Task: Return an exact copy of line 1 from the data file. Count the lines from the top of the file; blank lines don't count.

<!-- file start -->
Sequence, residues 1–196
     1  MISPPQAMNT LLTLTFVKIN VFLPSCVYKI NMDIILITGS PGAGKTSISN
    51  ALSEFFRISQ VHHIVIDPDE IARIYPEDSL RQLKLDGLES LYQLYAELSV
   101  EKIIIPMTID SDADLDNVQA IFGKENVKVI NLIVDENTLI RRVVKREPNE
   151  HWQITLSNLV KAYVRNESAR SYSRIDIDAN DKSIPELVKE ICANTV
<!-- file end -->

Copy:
Sequence, residues 1–196